This system of sheltered anchorages is another great idea, and convenience, for waterborne travelers on the North Shore, and though it’s really meant for sailboats and powerboats, you couldn’t ask for an easier place to park, prepare and launch a kayak, or a less crowded one.

It was late on a Friday morning and a few fishermen were coming in from the lake, reporting light breezes, little wave action and — like most days, apparently — no kayakers. One told me that he hardly ever sees a paddler on the lake, except for groups going out in rental boats from resorts and outfitters along the shore.

We paddled into the outer harbor, vacant but for a single fishing boat tied up on the outer breakwater. Opting for a view of the far horizon over one of industrial infrastructure, we backtracked very slightly toward Duluth to get into the open lake.

MinnPost photo by Ron Meador
Swimmers at the mouth of the Temperance River.

Instantly we felt the long, slow swells that serve to announce your arrival on the big water. Ahead and to either side, for a full 180 degrees or more, was the unbroken line where lake meets sky.

As we turned toward Grand Marais and settled into the rhythm of light, choppy waves delivered by the easterly breeze, a good-sized salmon or lake trout leaped out of the lake just off my bow, and it occurred to me that we were about to enjoy a fish-eye view of the North Shore.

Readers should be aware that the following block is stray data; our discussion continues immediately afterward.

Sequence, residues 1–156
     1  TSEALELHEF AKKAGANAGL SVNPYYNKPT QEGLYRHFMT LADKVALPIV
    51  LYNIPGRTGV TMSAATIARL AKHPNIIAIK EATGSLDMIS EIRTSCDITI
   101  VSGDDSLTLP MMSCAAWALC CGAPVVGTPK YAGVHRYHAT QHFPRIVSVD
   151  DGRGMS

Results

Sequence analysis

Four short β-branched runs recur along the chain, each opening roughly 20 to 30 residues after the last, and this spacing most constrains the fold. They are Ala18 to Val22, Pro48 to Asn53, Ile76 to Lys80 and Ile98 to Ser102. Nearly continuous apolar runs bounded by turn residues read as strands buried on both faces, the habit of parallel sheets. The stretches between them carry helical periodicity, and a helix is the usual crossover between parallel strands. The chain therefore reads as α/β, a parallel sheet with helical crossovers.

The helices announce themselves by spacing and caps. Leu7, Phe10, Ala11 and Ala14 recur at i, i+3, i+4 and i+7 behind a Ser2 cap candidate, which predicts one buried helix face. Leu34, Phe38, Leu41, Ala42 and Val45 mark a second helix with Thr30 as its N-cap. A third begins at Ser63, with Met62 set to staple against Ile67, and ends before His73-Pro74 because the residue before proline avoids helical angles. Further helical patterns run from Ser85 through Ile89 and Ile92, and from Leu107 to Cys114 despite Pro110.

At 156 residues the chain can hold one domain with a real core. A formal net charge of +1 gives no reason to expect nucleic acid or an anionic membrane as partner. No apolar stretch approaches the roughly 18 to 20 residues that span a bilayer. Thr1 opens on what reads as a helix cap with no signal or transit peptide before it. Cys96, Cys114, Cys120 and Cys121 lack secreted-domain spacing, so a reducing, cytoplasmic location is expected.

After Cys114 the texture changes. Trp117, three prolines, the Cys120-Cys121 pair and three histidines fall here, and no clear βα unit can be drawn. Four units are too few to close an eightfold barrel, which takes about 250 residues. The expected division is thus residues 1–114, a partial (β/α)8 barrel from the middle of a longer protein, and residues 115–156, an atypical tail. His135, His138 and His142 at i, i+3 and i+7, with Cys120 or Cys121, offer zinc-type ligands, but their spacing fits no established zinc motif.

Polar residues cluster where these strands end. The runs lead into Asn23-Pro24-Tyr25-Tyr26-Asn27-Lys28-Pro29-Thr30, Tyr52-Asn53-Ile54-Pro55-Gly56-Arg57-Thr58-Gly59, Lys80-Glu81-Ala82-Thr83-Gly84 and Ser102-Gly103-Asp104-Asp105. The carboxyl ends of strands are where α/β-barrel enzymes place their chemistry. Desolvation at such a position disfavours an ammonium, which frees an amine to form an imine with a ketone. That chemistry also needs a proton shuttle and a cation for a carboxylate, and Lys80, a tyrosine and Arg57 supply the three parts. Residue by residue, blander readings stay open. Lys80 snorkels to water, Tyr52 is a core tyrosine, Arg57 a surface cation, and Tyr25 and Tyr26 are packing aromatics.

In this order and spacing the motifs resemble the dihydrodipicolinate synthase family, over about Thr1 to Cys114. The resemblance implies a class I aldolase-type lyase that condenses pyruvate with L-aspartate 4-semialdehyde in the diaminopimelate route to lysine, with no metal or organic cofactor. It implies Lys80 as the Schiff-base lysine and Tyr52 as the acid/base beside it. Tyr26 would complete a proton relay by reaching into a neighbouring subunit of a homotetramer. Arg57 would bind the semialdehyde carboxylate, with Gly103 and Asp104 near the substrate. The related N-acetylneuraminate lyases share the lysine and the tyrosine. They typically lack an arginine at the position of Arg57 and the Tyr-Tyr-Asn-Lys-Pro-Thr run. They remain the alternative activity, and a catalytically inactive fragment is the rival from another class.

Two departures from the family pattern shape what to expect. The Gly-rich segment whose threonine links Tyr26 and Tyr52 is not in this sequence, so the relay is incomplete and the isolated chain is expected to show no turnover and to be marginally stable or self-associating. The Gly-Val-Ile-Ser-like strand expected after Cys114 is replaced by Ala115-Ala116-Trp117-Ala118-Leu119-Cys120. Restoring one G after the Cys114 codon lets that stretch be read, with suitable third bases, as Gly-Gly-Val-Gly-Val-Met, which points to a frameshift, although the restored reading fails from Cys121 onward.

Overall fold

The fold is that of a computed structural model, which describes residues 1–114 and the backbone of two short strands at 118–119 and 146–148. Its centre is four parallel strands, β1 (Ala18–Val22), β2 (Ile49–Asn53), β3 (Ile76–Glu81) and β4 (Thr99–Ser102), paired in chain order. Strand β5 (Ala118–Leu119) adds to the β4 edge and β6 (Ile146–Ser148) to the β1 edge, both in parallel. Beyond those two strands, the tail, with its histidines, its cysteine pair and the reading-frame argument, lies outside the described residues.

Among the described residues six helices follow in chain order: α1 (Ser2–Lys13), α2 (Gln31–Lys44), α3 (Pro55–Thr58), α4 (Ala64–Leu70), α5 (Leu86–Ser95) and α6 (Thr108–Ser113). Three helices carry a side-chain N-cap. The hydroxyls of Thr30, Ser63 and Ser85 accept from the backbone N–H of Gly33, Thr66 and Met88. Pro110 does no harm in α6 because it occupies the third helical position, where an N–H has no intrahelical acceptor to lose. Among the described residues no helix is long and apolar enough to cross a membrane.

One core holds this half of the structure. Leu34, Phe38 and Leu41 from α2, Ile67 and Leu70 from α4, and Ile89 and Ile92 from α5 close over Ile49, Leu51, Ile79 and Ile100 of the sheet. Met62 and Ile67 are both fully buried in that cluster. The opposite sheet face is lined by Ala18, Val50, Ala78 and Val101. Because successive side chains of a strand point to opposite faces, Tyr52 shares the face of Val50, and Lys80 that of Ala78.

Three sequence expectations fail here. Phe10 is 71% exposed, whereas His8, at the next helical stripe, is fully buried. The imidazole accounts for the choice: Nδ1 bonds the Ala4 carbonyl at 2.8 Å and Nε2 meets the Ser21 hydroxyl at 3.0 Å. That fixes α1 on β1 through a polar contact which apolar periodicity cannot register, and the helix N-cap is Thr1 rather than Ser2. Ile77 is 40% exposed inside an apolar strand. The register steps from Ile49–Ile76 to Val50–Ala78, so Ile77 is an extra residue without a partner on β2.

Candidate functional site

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One obvious difference in seeing this coast from the water instead of the road is that you get to look at a lot more settlement, which typically is screened from Hwy. 61 by aspens and spruce.

I don’t mind this a bit — it’s interesting to look at the houses people have built along the lake and to imagine what their lives might be like. Several within the first mile of Tac Harbor had stairs leading down to exactly the sort of small cove and gravel beach that avid kayakers would love to have at their disposal.

The wind lessened after a bit and we found ourselves in calm water with clear views of boulders on the bottom, 20 or 30 feet down. A clump of four young mergansers floated out from behind a rock, spotted us and paddled away with that comical, waddling-on-the-water wiggling of their butts. There were cormorants and just one bald eagle.